India's Chandrayaan-2 team may have located silent Vikram moon lander

The fate of India's lander is still cloaked in a moon mystery.

Amanda Kooser
Freelance writer Amanda C. Kooser covers gadgets and tech news with a twist for CNET. When not wallowing in weird gear and iPad apps for cats, she can be found tinkering with her 1956 DeSoto.
Amanda Kooser
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Chandrayaan-2 launched to the moon in July 2019.


Space history rarely unfolds smoothly. The Indian Space Research Organization (ISRO) hoped India would become just the fourth country to soft-land a spacecraft on the moon with its Chandrayaan-2 mission. 

Everything looked good for the descent of the Vikram lander on Friday until it lost communication at just 1.3 miles (2.1 kilometers) above the moon's surface. The lack of information left the world watching in suspense. We may now have a better idea of the lander's situation.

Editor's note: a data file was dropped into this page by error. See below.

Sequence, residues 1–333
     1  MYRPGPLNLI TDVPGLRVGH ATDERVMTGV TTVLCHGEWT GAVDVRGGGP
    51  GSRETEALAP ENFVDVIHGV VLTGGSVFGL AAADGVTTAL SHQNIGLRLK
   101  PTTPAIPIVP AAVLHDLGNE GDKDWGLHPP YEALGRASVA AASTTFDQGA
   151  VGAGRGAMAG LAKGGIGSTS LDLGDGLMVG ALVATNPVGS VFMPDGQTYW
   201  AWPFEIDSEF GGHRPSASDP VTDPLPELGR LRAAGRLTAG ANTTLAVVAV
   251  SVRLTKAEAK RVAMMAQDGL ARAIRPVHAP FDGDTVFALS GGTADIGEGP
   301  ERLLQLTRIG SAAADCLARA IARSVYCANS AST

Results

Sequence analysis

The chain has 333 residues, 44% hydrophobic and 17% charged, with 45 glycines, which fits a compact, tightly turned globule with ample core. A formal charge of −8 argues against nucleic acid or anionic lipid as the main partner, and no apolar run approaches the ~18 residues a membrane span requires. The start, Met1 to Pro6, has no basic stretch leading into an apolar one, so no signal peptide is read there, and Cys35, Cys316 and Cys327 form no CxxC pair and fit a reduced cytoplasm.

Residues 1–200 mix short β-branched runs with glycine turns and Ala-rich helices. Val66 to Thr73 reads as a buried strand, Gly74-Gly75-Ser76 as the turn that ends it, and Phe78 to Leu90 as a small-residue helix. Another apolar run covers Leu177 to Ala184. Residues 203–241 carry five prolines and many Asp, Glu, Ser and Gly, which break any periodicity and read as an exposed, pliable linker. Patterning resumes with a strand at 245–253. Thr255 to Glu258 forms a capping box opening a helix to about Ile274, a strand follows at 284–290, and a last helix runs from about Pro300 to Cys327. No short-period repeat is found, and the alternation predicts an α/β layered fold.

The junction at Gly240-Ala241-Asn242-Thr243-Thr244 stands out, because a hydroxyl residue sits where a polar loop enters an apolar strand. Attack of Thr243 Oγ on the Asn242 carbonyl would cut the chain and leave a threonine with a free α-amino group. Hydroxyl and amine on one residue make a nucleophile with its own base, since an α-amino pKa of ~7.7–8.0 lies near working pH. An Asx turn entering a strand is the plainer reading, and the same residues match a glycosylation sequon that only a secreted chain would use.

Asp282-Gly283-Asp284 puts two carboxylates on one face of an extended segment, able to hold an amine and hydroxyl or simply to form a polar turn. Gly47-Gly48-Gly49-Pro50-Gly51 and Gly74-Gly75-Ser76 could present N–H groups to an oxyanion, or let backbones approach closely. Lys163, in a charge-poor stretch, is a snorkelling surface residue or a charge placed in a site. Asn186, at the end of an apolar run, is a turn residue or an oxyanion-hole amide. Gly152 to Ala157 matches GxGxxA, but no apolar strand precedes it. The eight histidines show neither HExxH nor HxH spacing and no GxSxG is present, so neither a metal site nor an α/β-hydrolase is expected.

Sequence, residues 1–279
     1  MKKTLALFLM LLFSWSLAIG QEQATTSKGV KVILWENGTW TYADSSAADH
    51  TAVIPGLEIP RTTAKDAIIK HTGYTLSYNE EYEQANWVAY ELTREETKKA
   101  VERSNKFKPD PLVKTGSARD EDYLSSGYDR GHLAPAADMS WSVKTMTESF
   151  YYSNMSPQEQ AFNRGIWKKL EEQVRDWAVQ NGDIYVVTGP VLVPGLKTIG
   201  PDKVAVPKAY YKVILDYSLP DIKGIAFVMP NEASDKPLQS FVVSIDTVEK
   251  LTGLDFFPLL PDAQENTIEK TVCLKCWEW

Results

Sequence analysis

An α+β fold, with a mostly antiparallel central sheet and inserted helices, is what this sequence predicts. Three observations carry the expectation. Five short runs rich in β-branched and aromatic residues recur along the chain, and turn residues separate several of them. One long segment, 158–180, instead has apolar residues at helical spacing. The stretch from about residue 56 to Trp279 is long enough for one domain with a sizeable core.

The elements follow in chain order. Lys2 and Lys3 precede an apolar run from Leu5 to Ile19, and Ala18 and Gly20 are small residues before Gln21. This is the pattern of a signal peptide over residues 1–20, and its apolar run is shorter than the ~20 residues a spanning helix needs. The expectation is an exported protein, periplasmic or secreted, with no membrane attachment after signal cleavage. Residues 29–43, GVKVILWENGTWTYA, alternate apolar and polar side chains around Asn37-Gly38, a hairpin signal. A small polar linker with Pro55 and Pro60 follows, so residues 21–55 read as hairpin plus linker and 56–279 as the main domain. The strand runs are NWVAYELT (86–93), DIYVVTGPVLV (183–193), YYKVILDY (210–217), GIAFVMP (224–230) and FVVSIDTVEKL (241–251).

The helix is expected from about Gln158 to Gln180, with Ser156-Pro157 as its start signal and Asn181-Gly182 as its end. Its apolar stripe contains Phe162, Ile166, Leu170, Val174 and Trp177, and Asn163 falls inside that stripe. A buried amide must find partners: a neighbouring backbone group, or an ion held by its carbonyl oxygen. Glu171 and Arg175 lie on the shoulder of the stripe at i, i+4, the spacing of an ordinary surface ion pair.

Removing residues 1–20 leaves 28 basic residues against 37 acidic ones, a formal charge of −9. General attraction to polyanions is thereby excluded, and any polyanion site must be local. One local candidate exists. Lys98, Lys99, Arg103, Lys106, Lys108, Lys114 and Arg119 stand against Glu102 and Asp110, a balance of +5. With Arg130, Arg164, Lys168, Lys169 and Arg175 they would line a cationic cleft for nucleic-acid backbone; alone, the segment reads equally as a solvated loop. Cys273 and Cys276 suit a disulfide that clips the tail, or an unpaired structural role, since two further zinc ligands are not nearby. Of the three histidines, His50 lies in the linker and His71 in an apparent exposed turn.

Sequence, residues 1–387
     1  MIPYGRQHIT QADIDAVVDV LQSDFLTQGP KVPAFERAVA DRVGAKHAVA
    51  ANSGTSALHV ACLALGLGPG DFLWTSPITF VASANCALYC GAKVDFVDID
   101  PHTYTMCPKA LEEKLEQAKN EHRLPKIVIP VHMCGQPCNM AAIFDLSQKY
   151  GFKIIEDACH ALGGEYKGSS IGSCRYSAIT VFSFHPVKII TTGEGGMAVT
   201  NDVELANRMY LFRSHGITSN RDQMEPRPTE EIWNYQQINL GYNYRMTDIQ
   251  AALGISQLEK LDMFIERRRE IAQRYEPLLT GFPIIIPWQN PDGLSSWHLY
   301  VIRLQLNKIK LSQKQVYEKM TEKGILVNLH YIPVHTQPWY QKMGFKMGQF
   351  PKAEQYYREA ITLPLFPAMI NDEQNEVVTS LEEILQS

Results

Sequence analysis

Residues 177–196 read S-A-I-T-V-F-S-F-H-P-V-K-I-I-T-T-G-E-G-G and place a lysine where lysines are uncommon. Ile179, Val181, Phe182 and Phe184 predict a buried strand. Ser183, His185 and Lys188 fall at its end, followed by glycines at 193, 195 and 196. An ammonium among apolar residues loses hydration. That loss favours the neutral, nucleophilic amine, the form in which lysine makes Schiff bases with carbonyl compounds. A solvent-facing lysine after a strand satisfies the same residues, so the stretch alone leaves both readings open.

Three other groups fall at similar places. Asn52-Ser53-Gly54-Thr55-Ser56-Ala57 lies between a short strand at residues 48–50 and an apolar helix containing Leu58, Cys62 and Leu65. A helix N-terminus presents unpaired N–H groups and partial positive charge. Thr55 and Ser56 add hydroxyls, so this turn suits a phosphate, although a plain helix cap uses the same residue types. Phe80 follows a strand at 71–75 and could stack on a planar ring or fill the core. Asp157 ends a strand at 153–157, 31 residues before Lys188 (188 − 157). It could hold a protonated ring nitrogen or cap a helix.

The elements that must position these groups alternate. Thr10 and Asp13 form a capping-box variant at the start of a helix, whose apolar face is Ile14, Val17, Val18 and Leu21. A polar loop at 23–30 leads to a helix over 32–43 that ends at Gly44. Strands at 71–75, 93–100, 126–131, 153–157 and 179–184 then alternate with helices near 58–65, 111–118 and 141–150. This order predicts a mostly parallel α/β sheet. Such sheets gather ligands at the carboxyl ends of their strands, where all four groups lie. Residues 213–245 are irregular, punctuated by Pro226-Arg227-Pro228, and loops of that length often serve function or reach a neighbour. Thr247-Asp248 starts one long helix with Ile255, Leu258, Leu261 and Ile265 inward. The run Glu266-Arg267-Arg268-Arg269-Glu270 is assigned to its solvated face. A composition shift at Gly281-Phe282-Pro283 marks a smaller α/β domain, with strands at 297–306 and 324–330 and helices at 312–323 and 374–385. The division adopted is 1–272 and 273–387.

The Press Trust of India reported Sunday that ISRO located the lander on the lunar surface. The Chandrayaan-2 orbiter, one prong of a mission that included the orbiter, lander and the Pragyan rover, used its on-board cameras to pinpoint the landing site at the unexplored south polar region of the moon.

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"It must have been a hard landing," ISRO Chairman Kailasavadivoo Sivan told PTI. Sivan said the condition of the lander is unknown but that ISRO is still attempting to contact the machine. 

Despite the likely loss of the lander and rover, Chandrayaan-2 will persevere through the work of its orbiter. The spacecraft "shall enrich our understanding of the moon's evolution and mapping of the minerals and water molecules in the polar regions," ISRO said in a statement on Saturday.

ISRO has yet to issue a formal update on the lander location.

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Originally published Sept. 8, 8:40 a.m. PT.